Why are we here?

Why are we here?

No, I don't mean in the grand scheme of things (though I guess the picture may be a little misleading). But I do mean right here, sharing this time and space-- how did we both find ourselves here talking?

I thought it would be helpful to us both to answer this question. You're probably here because I've successfully managed to distract you from one of your daily activities. (One point for Arianna.) I hope you return because you find value in my voice-- either from my experience in travel or my (frequently humorous) interpretation of life. I'm here to keep myself focused. To remember. And most importantly, to define purpose and provide myself (and maybe ya'll by extension) with direction.

But those ideas are all pretty nebulose. It may be easier to understand like this.

Reason One: Travel

Though originally from Baton Rouge, Louisiana, my love for adventures and new beginnings have taken me across the United States and Europe. When I turned eighteen I moved to the Big Easy, and gorged myself on music and art. At twenty I found myself stepping off the plane in Ireland and backpacking (and doggy paddling) all the way to Austria. A few months later I returned home and was happy to find myself surrounded, once again, by some amazing Austrians. After two years of 60-hour work weeks a full0time school schedule, and enormous encouragement from my family and friends at home and abroad I renewed my passport. Realizing my love of beer, brats, and beautiful men, I spent a semester, at twenty-three in Berlin, Germany. One of the lovely ladies I met there is in the picture below (Shannon). 

As a college student I learned to travel cheaply, and as a female I learned to travel intelligently. When I got home I was confused when questioned how I did it. "Wasn't it scary being alone?" To be honest, I had never really thought about it before then, and when I heard of so many young women's reservations to travel... it sort of broke my heart. As much as I like sharing stories of travel, it doesn't satisfy me as much as sharing my story with other young women that want to get out there and are too scared.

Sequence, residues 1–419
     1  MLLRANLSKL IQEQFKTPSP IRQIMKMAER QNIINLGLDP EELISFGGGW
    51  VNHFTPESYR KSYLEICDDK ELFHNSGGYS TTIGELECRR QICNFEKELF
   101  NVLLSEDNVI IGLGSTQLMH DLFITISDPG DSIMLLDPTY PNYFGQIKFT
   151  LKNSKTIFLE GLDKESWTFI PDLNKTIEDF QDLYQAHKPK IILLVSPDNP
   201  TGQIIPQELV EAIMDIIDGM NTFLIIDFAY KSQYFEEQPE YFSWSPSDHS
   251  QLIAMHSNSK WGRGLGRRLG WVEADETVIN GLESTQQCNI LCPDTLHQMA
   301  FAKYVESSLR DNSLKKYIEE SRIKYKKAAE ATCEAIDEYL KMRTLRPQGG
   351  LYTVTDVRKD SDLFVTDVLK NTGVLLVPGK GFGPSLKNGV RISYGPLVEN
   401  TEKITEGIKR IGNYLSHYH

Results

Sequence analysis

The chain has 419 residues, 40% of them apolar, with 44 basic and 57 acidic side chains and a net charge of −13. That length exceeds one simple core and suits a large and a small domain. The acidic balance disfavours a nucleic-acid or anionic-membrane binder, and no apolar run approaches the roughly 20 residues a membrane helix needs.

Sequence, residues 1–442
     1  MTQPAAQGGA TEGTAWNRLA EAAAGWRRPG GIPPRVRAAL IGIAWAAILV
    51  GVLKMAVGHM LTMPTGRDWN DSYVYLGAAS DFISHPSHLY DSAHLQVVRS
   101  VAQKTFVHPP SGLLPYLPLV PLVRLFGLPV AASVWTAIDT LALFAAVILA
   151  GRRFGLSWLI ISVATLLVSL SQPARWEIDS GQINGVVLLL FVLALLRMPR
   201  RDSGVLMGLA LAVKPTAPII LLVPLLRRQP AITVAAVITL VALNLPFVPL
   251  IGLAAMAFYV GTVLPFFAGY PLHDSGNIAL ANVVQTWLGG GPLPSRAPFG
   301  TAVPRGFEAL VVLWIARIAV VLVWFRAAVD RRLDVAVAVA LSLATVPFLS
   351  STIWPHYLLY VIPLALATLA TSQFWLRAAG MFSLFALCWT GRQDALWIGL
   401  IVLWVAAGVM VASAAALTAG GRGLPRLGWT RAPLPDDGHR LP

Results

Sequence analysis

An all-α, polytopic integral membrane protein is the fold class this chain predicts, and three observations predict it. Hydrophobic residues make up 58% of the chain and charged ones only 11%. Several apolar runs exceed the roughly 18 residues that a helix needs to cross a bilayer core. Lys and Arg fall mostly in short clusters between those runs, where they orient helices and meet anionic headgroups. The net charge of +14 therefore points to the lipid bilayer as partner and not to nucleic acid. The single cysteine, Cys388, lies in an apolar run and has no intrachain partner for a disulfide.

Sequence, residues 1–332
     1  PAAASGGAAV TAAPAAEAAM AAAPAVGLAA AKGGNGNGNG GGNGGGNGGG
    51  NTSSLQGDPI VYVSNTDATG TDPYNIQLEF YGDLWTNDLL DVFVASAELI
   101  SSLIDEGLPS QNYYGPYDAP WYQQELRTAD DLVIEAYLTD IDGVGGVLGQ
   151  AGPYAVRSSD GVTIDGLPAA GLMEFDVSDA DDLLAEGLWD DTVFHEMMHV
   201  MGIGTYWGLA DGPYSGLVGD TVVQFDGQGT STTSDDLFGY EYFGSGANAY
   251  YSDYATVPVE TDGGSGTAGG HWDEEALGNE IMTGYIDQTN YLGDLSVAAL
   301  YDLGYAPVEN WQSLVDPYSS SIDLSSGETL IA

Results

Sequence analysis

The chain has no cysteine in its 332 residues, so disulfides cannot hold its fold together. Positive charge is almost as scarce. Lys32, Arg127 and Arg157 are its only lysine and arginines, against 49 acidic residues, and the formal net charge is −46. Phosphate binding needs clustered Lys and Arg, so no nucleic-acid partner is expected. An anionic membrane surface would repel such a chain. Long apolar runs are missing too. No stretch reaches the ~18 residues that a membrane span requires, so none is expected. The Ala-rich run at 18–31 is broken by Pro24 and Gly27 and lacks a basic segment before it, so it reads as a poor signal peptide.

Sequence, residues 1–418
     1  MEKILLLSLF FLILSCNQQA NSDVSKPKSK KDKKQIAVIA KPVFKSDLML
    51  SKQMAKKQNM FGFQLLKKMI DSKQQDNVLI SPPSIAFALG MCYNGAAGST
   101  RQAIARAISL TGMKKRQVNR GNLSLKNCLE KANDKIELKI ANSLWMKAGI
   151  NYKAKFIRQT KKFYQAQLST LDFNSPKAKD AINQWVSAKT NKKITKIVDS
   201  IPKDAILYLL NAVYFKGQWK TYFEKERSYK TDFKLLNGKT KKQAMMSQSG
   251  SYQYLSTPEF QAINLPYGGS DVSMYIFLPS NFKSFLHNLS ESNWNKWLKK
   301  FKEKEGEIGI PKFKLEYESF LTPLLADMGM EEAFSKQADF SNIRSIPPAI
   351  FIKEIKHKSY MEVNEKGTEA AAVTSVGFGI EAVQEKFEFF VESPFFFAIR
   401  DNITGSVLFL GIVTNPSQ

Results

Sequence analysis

So it's a combination of wanting to share and not wanting to forget. I've been so many places and met so many people that it would be a disservice and injustice not to pass along the knowledge before it 's replaced by something undoubtedly much less important (or interesting).

Reason Two: Story

I'm a storyteller at heart. I think this surprises people close to me-- those that know of my inability to tell a joke (yes, even knock knock's).

My earliest memory of writing was this: I was in grade school and heels clicked as I walked down the long laminate hallway, lined with the artistic and scholarly accomplishments of my elementary colleagues. To this day, I don't know where I got the idea, but I had a goal: to get an audience. My sweaty hands clutched a single piece of copy paper, folded in half "hamburger style" as my teacher had said in class earlier that day. On the front were color pencil-lined stick figures, but inside...

my first story... ever.

I don't know what it was about, or why I had decided to give it to my principal instead of my parents. I'm not even sure if I've ever asked my parents about this. But nonetheless, I approached Mrs. Pam, the secretary, and she directed me into the office of Mrs. Gladys.

And after that? Nothing. I can't remember anything but my occasional visit to her office to drop off the newest subscription every now and again.

So here I am, twenty or so years later. With a larger, somewhat more willing audience.

I hope you find as much value in this as I do, and we meet each other frequently.

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